A threadbare story and bad gimmicks ruins this debut feature from being anything more than an impressive technical feat.
Myroslav Slaboshpytskiy’s debut feature The Tribe opens with a title card laying out the first of its two gimmicks: the film is performed entirely in sign language, with no subtitles, dubbing, or translation provided. As far as gimmicks go, it’s an intriguing one. Viewers know from the beginning that they’ll be on their own, forced to suss out details based on the inherently physical, non-verbal interactions on-screen. Some people might find themselves intimidated by watching Slaboshpytskiy’s two plus hour slice of deaf-mute miserablism, but surprisingly audiences have been up for the challenge; the film won several awards at Cannes, and amazingly got a US distribution deal from Drafthouse Films—another move that cements Drafthouse’s status as one of the boldest new distributors on the block.
Watching The Tribe, it’s easy to see why people have been so taken with it. Slaboshpytskiy has put together an undeniably impressive directorial debut, but only on a technical level. This brings me to The Tribe’s second gimmick: every scene unfolds through one long, meticulously constructed take, with the camera almost always gliding around its characters. It’s quite a feat to pull off, made all the more remarkable by the fact that Slaboshpytskiy is working with a cast of nonprofessional actors. Whether or not all of this adds up to a good movie is another story.
Sergey (Grigoriy Fesenko) is a new student at a boarding school who quickly finds himself stranded, with no social circle to join. He soon gets the attention of the popular kids, and in almost no time he’s introduced to their crime ring. Some of it involves theft and bribery, but for the most part the gang of kids pimp out female students at a nearby truck stop. Sergey slowly assimilates himself into the group, and when one of their members dies in an accident, he’s promoted to a higher position. But once Sergey falls in love with one of the escorts (Yana Novikova) he gets brutally ostracized for stepping out of line.
The Tribe’s fundamental problems lie with Slaboshpytskiy’s story. It’s threadbare at best, with plenty of scenes meandering about until the next predictable narrative beat comes into play. Sergey’s story amounts to little, even though, at its core, he goes through an arc that’s been around for ages. He arrives to a new place, falls in with the wrong crowd, falls for the wrong girl, and tries to win her back from the “bad guys” (in this case, a group of mercilessly brutal high schoolers). Slaboshpytskiy’s film could be seen as an interesting blend of a classical tale with an unorthodox style, but there’s a big difference between emulating old, familiar standards, and lazily following them. In The Tribe’s case, its story is more of a placeholder than anything.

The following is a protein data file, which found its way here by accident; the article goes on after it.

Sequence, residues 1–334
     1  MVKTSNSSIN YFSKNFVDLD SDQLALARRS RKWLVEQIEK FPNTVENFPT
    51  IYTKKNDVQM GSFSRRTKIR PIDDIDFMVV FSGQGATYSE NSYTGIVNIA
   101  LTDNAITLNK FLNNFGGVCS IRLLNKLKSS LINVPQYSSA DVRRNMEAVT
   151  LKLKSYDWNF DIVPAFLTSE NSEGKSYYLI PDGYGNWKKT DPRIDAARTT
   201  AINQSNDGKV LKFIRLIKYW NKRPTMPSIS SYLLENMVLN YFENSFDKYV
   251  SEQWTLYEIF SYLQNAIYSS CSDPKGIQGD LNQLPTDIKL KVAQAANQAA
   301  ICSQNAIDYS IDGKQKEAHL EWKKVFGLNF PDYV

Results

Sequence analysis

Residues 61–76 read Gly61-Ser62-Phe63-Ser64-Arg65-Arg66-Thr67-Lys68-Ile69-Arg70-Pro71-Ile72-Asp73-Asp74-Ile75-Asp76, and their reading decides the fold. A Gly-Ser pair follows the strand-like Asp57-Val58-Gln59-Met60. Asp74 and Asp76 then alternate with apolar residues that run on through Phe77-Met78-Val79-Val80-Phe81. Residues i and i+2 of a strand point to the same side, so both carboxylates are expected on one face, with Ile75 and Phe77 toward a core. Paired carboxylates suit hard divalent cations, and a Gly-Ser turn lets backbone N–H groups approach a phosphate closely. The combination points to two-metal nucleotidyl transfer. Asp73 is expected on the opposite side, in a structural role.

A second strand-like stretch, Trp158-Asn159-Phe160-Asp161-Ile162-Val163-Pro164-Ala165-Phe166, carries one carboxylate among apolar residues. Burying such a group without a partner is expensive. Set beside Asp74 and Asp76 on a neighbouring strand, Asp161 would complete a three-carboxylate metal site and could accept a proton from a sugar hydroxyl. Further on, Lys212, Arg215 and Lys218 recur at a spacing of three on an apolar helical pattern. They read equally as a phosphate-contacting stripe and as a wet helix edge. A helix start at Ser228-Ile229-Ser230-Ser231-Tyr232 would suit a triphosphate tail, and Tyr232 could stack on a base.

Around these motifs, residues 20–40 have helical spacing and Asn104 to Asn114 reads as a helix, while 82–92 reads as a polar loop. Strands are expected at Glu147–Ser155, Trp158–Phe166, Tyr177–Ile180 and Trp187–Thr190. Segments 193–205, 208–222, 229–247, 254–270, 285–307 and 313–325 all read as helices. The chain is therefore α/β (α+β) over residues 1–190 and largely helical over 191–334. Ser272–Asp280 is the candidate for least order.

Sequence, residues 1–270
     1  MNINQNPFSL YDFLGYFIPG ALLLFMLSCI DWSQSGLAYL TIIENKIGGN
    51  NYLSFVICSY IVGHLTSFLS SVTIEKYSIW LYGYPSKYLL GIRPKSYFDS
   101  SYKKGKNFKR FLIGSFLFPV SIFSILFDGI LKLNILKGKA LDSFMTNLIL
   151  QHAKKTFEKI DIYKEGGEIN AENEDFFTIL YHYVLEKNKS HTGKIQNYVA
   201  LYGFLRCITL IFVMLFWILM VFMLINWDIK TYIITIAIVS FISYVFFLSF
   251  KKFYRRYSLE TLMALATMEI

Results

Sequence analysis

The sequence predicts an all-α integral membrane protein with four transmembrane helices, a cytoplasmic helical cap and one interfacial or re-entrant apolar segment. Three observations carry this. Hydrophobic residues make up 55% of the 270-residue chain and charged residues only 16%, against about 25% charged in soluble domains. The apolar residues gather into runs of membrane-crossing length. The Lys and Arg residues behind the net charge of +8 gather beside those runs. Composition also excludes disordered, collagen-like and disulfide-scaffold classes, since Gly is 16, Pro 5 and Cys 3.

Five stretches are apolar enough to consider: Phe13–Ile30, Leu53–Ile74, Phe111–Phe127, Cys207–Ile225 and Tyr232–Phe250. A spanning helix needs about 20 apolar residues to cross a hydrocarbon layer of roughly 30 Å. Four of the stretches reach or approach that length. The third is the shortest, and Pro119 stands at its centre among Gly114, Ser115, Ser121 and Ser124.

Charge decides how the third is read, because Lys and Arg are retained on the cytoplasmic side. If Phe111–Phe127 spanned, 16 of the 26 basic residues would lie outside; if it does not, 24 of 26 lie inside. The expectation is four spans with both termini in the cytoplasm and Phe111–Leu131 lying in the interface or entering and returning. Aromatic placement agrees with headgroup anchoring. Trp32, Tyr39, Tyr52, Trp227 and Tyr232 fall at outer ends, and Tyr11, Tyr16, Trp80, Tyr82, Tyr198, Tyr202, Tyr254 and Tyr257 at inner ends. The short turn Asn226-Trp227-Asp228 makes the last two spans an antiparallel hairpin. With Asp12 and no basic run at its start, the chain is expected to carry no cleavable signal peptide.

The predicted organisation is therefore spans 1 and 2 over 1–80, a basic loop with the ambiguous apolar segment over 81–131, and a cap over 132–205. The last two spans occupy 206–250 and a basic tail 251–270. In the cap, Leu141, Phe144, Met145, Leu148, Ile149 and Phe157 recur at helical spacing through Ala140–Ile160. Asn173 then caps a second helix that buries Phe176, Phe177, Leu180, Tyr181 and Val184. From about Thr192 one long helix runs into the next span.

So if The Tribe has little to care for in terms of story or character, what else is there? All that’s left is the style, and it doesn’t take long to see through The Tribe as nothing more than a lot of auteurist posturing. Much like last year’s Birdman, The Tribe confuses gimmickry with excellence. Both films use long takes to create a sense of immersion, of watching things unfold in the moment rather than playing out through the construction of montage and editing. What winds up happening is the complete opposite of its intended effect. The thought process turns away from what’s happening on-screen, and goes more towards what’s happening off camera: how elaborate the setup is, how the actors managed to keep it together for such an extended length of time, how many takes it took to nail the scene, or how the camera was able to move without any apparent issues. It’s a distraction, and The Tribe is full of them.
This approach to filmmaking is poisonous. The Tribe could have gotten away with its desire to be nothing more than an ode to the virtues of rehearsal, if it didn’t try to pretend it was anything more than that. But everything about this film screams at viewers to take it seriously, from its gloomy, Eastern European setting to its rigorous form and Haneke-esque approach to violence. It doesn’t take long to get over Slaboshpytskiy’s technical skills, and once the wow factor goes away, there’s little else to take from The Tribe other than how much work went into pulling off so many elaborate scenes. It’s about as artistic as watching Evel Knievel jump a bunch of school buses. I’d rather watch the daredevil stunt than this. At least there’s no bullshit there.